I support my hon. Friend's Amendment not simply because I have a high regard for his qualities and for the way in which he has overcome his customary diffidence and modesty in order to present his case and his claims for membership of the Committee, but also because he represents the interests of back benchers and private Members. That is the essential theme and reason why this particular Select Committee has been now nominated and presented to the House.

I was moved when my hon. Friend referred to himself as one who has been described as an awkward Member. That is a term of credit. It is every back bencher's duty to be an awkward Member. It is the duty of every private Member to resist the overweening power of the Executive. The origin of this debate and of the appointment of the Select Committee was precisely because the charge was directed against the Government of rigging private Members' Questions to a Department—not to the detriment of the Opposition as such, but to the detriment of private Members. It is therefore wholly appropriate that this Select Committee should be as representative as possible of the general interests of the House.

I join my hon. Friend in commending the quality of those who have already been nominated to this Committee. I have nothing but praise for the qualifications of those who have been nominated, but the reason I support the nomination of my hon. Friend is precisely that I regard him as a robust back bencher, one who will certainly see that the interests of back benchers, which he has observed, and in which he has participated for 26 years, are represented.

With respect to my right hon. Friend the Opposition Chief Whip, I thought it rather sophistic when he suggested that my hon. Friend, instead of serving on the Committee, might be of more value as a witness. I suggest that the experience of my hon. Friend could be used to even greater advantage on the Committee, not simply in answering questions, but in posing questions.

There is no one in the House who has as much practical experience of challenging the Executive as has my hon. Friend. I do not agree with all that he says. I do not even agree with the manner in which, from time to time, he swamps the Order Paper with Written Questions. Nevertheless, having said that, it is in existing circumstances his right to do so, and it is commendable on his part that he exercises the right of private Members to bother the Executive.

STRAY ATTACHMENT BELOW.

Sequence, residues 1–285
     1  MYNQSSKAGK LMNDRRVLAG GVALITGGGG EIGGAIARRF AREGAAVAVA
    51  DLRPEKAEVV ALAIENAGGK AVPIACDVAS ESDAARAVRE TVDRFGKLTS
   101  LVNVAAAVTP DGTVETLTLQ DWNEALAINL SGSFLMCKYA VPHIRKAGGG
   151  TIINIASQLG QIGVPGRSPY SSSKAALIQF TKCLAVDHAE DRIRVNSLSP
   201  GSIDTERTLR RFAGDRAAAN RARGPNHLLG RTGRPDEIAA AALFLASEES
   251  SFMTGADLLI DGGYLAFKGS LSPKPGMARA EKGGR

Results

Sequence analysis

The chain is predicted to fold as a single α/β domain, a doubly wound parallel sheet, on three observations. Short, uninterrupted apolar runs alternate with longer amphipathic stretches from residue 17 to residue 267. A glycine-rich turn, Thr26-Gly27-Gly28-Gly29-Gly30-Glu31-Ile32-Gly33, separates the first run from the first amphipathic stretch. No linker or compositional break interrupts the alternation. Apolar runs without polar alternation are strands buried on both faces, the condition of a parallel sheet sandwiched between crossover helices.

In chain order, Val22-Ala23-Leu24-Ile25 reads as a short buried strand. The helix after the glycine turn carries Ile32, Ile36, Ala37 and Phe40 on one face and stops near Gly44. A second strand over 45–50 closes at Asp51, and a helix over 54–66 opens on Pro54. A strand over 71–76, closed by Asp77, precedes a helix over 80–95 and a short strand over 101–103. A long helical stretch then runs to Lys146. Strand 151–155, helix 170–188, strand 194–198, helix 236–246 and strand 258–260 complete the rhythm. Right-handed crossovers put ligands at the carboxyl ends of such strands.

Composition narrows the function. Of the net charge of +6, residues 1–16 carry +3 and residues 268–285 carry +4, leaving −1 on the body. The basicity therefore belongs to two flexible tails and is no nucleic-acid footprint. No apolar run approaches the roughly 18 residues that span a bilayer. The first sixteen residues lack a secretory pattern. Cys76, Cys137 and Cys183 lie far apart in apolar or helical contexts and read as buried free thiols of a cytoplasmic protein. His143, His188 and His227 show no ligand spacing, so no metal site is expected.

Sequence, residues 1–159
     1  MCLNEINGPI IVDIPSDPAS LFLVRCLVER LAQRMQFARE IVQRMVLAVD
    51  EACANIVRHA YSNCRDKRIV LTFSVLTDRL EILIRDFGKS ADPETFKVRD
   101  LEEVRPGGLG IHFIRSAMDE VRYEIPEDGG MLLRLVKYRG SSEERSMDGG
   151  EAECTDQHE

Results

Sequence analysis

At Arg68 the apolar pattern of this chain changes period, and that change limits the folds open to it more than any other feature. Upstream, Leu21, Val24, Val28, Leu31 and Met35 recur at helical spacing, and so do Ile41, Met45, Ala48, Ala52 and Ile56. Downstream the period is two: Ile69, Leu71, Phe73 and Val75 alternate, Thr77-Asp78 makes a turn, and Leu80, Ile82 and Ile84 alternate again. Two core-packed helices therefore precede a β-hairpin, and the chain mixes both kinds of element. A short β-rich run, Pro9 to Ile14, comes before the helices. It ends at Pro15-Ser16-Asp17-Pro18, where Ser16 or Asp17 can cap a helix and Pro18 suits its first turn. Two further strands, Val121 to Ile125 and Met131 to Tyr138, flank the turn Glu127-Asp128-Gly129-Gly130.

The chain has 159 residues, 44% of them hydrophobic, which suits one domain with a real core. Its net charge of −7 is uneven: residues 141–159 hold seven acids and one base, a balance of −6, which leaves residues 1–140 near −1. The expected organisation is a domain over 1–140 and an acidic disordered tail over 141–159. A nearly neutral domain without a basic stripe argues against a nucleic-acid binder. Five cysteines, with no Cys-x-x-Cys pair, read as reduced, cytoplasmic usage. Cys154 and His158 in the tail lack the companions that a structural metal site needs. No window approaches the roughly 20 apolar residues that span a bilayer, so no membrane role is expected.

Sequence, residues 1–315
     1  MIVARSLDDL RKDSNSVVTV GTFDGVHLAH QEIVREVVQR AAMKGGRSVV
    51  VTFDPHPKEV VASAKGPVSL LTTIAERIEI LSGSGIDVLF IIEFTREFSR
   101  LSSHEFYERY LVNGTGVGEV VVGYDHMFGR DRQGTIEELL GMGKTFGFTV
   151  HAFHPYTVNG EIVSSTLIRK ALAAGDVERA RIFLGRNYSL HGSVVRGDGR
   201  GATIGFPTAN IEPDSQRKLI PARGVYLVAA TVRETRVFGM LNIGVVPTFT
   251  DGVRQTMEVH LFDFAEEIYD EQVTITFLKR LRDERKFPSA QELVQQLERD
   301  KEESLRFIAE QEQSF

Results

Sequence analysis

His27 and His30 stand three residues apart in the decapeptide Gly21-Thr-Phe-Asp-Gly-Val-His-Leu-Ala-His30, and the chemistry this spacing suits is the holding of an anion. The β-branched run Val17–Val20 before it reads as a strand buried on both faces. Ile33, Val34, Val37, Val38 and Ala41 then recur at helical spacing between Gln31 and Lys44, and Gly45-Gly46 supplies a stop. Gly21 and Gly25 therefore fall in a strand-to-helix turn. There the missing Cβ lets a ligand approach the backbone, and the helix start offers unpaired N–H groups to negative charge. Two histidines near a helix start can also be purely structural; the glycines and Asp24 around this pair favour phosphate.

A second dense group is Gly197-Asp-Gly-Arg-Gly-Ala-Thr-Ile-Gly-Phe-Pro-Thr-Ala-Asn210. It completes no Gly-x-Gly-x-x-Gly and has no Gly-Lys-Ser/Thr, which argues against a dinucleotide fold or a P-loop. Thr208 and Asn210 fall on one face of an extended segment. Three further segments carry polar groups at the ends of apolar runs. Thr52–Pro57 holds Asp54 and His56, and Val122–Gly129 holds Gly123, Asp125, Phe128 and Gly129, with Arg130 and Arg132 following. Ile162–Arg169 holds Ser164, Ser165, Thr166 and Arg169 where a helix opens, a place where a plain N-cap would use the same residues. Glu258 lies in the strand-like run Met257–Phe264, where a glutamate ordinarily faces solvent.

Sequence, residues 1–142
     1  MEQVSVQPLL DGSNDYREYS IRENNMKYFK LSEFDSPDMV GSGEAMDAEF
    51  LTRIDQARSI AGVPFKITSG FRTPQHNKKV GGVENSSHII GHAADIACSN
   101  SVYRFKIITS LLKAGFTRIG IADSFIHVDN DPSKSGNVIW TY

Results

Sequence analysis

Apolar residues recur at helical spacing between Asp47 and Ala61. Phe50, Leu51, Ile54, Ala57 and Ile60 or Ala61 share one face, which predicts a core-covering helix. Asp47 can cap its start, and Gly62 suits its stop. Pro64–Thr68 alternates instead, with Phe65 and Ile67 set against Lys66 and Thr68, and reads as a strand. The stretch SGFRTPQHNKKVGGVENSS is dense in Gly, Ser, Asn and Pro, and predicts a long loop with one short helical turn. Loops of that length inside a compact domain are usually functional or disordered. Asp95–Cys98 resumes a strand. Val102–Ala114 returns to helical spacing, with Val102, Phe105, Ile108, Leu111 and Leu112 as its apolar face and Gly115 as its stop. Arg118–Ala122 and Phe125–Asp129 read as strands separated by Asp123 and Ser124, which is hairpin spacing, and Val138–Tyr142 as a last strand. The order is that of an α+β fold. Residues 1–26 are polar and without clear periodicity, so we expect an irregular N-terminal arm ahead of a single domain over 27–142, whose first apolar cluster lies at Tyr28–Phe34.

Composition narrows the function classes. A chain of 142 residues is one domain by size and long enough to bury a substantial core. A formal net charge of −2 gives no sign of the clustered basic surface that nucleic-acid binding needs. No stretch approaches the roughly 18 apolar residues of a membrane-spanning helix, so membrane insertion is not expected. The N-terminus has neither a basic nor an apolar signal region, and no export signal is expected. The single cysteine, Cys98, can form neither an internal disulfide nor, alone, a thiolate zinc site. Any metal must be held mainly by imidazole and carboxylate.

The Leader of the House, to his credit, has always made it clear that he regards this Chamber as the grand forum of debate, the grand forum of inquisition by the private Member of the Executive. He has said that time and again, and he has done everything in his power to ensure that the private Member has the opportunity of questioning the Government and of debating issues of the day in the forum of the Chamber of the House of Commons.

Looking through the admirable names in the Motion, it seems to me that there is a wide spread of back benchers which is not represented, and I cannot help feeling that the prickliness of my hon. Friend—and I hope that he will not treat that description as in any sense pejorative—is something admirable, and something which should be represented on this Committee.

It is well within the memory of some of the older Members of the House that, on the occasion of a famous strike at Covent Garden, my hon. Friend laid down in front of a 6-ton lorry. The effect was dramatic—the lorry backed away—and I cannot help feeling that a private Member who can bring that kind of weight to a confrontation is one who clearly would be of the greatest value in standing up to the juggernaut of the Executive by presenting himself in his power, whatever the kind of resistance, which surely is what this debate is all about, and what the charge of Question rigging is all about, too.